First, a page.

Service dogs-in-training take flight to nowhere at MSP Airport

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Roughly a dozen future service dogs are now a little better prepared for their roles after a day of training at Minneapolis-St. Paul International Airport. 

The training, put on by Can-Do-Canines and Delta, provides these puppies the opportunity to take in the chaos and commotion of the airport before they become certified.

Can Do Canines founder Alan Peters said it is best to expose the dogs when they are young so days like Saturday become their new normal. 

“Staying focused, when they have their cape on they know they’re on duty, but staying focused without the distractions," Peters said. "There are so many things going on in an airport; carts and noises, so getting through this and learning that it is just part of everyday life is the important thing." 

The dogs were walked through the airport by their volunteers, like Patrick Heffernan, who raise the puppies and prepare them for their upcoming specialized training. 

“Most of what we’re doing as puppy raisers is working on obedience and good manners, to get dogs used to behaving well in public settings," Heffernan said. "So they go out as much as they can whenever they can with us, so that wherever they go when they’re working they think it’s a normal experience."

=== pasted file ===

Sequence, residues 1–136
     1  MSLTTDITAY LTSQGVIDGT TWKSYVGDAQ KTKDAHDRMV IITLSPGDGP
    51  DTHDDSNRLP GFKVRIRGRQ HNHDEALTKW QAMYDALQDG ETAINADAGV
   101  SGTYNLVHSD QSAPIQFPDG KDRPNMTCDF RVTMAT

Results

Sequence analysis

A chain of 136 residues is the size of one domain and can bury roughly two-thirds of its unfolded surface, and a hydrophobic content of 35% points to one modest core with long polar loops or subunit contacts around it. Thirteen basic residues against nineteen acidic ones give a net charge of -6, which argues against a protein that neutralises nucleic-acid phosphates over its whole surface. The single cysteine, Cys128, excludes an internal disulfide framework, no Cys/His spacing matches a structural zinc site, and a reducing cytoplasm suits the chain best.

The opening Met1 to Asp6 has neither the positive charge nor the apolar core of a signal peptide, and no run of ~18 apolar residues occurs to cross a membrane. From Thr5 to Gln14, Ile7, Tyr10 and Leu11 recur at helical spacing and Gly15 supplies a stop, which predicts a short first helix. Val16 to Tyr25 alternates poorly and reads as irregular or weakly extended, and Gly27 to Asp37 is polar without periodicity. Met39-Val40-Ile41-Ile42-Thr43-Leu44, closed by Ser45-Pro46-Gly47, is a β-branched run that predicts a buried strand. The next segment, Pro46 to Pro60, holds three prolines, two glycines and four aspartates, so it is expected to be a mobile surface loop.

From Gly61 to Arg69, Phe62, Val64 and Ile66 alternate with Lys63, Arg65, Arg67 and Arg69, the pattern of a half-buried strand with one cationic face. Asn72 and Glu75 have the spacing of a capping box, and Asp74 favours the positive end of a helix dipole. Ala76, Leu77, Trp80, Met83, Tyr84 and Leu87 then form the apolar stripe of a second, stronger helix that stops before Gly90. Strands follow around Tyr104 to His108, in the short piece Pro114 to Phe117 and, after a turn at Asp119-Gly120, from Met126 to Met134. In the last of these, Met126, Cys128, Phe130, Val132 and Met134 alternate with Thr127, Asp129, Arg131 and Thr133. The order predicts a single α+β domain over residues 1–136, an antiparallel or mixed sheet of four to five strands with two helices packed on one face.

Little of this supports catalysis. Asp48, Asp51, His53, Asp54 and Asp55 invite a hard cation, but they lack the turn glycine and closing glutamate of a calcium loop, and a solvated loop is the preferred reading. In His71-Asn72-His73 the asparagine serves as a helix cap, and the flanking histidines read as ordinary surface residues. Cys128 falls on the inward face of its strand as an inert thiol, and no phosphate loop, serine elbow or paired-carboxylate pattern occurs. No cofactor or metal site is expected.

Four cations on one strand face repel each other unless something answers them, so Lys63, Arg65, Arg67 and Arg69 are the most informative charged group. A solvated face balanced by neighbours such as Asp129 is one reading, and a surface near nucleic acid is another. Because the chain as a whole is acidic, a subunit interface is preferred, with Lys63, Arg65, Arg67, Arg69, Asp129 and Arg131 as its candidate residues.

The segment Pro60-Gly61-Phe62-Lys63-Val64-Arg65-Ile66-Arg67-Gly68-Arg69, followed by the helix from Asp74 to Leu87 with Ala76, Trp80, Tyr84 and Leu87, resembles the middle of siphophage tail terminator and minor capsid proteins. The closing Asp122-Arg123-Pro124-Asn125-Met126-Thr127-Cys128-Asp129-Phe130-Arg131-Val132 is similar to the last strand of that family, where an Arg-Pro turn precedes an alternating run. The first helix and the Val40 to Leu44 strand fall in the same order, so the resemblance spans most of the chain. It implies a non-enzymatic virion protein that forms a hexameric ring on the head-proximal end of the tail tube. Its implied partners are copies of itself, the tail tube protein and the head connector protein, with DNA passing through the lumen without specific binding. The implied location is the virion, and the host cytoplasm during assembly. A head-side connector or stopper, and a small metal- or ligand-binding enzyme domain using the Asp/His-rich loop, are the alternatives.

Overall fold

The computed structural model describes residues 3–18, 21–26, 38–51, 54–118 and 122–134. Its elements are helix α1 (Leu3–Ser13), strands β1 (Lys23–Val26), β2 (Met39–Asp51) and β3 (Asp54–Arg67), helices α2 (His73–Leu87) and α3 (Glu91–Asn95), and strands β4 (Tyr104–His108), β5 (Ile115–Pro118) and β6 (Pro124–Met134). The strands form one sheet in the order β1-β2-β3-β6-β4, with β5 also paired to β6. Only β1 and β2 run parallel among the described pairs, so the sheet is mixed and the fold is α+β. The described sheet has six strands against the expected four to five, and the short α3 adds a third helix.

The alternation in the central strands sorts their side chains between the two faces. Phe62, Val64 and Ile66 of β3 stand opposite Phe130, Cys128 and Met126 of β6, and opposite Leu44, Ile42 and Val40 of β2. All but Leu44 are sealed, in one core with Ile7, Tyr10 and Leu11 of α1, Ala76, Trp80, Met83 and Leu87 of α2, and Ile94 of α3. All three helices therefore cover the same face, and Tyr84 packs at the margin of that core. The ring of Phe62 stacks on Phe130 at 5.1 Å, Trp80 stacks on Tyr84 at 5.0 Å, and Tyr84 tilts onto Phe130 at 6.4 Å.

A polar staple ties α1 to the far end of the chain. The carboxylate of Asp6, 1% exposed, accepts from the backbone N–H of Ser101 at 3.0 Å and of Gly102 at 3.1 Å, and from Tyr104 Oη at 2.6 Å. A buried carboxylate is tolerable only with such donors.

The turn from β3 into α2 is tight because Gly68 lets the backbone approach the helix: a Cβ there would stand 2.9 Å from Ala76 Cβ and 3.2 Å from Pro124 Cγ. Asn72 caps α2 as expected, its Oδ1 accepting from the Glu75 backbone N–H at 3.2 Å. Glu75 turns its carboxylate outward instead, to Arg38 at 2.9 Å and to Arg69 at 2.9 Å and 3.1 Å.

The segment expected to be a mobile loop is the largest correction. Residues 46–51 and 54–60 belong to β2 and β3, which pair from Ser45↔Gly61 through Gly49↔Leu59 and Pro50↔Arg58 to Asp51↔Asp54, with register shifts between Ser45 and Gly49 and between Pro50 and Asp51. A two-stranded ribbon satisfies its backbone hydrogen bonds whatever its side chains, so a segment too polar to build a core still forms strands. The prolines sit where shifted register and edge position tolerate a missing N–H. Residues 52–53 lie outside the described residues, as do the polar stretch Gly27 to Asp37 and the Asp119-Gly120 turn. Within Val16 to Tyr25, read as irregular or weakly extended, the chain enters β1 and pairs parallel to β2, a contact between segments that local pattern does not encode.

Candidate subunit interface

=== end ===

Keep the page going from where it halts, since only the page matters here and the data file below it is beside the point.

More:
Heffernan has been a volunteer for 20 years. He and the others at the airport have helped raise Can Do Canines for people like Bob Reynolds. 

Reynolds is hearing impaired, and his dog, Sofia just graduated from Can Do Canines as a hearing-assistance dog. They were the only pair at the airport Saturday that were working. The two are preparing for an upcoming trip. 

“I don’t want to leave her behind. I’ve become so accustomed to her being with me everywhere we go," Reynolds said. "I’ve traveled once since graduating from Can Do Canines, and it was miserable." 

He said he never wants to do that again.

The dogs came from outside the terminal, into the elevators, through security, into the tram, and onto the “Happy Tails” mock airplane designed specifically for this training. Once on the plane, the dogs nestled under their handlers’ seats to get a taste of what it will be like when they have to do it in the future. 

After this day of training, the volunteers were instructed to make sure they gave the pups the rest of the day off. 

“It’s a very stressful day for them, but its excellent training because it gives them a chance to see things they wouldn’t see otherwise,” Heffernan said. 

Peters says since the organizations inception 30 years ago, they have given away 630 service dogs. They plan to graduate 50 this year. Peters says the dogs are all given away for free.